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Confused when you wake up? You might have “sleep drunkenness”

girl sleeping with head on a piece of bread
What’s the sleep-drinking age?
By Zach Wener-Fligner
Published Last updated This article is more than 2 years old.

If you feel or behave strangely when suddenly roused from slumber, you may have a disorder known in the medical world as confusional arousal—described far more vividly by its alternative name, “sleep drunkenness.”

According to a new study, as many as one in seven people might suffer from the disorder, which is characterized by confusion, amnesia, and even violent behavior during the moments of their waking up.

Researchers surveyed more than 19,000 U.S. adults about their sleeping habits, mental illness diagnoses, and medications they were on. They found that 15% of people had experienced sleep drunkenness in the past year—with more than half of them reporting that they had experienced an episode within the past week. The study was published in the journal Neurology.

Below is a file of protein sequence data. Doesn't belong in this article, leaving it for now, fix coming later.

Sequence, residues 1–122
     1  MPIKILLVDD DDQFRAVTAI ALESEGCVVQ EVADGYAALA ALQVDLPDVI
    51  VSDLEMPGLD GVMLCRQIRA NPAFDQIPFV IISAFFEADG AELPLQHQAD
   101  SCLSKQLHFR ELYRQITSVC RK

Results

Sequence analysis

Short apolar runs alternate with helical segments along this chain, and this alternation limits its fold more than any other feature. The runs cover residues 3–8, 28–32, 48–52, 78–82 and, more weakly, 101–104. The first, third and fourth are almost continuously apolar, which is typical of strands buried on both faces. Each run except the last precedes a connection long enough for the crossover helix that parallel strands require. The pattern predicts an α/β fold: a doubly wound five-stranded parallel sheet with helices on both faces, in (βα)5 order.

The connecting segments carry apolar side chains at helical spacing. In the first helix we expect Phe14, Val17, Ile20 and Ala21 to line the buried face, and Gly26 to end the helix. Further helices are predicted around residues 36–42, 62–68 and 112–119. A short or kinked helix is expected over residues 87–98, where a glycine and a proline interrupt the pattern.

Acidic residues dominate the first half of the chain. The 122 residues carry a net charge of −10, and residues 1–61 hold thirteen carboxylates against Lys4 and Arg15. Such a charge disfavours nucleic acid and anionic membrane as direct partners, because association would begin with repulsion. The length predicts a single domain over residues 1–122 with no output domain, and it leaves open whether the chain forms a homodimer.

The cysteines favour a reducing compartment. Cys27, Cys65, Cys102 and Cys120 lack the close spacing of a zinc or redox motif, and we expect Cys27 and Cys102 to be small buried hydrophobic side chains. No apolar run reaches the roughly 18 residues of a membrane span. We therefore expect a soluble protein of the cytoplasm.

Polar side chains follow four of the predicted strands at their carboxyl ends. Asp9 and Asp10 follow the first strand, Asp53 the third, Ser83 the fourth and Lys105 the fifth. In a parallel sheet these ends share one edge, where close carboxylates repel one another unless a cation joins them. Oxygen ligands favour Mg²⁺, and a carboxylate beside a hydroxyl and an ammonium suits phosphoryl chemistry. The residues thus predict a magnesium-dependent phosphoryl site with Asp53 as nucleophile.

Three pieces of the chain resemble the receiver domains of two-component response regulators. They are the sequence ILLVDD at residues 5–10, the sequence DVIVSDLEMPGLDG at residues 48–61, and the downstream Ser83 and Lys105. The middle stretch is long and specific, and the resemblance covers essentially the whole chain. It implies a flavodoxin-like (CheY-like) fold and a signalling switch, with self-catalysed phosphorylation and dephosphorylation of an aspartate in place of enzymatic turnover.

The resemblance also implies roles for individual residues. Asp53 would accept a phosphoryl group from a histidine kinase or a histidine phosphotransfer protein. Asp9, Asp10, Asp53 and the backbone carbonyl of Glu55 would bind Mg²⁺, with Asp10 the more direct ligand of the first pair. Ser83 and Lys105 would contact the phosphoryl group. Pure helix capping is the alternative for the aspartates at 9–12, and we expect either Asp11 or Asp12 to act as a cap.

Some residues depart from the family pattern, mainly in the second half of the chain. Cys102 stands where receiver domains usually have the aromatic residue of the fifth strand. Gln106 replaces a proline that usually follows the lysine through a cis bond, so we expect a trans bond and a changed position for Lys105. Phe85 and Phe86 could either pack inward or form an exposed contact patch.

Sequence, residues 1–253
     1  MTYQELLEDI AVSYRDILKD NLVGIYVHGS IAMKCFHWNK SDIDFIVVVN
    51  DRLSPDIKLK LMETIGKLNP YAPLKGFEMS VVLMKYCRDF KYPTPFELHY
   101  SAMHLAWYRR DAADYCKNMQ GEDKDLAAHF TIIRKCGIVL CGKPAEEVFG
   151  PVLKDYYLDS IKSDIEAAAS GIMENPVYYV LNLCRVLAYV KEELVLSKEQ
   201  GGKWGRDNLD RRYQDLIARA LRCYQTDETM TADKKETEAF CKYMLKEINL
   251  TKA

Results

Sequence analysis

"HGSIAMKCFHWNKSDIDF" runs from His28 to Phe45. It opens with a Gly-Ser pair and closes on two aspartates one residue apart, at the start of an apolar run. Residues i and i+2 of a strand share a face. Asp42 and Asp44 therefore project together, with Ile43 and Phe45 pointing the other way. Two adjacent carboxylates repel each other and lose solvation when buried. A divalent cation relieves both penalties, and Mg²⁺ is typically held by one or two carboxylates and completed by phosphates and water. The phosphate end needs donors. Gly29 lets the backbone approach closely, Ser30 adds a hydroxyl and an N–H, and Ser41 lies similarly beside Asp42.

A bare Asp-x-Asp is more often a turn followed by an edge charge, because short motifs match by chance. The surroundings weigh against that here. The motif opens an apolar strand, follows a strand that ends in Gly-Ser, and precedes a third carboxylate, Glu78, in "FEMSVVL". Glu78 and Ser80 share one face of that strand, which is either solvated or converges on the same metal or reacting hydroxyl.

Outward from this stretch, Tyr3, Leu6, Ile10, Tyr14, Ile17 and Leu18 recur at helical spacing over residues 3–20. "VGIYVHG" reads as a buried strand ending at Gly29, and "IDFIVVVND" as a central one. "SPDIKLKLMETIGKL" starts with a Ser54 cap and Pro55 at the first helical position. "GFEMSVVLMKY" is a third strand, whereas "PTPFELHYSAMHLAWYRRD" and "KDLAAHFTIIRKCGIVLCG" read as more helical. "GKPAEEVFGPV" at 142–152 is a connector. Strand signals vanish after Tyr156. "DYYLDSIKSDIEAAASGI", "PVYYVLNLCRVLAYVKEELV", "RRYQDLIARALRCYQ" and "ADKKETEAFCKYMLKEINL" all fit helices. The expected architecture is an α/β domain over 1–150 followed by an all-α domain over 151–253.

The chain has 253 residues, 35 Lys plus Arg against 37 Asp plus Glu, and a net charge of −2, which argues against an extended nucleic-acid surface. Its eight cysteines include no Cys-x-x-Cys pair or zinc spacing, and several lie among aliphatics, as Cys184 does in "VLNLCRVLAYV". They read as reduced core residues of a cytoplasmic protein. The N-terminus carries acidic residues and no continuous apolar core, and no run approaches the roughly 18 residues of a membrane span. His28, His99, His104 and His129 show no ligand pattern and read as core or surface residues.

Sleep drunkenness appeared to be highly correlated with existing conditions. Some 84% of people who reported episodes had another sleep disorder, a mental health disorder, or took psychotropic medication.

Maurice Ohayon, the lead author of the study and a sleep expert at Stanford University, said he was glad the study could shed light on the disorder. “These episodes of confused awakening have not gotten much attention, but given that they occur at a high rate in the general population, more research should be done on when they occur and whether they can be treated,” he said in a news release about the study. “People with sleep disorders or mental health issues should also be aware that they may be at greater risk of these episodes.”

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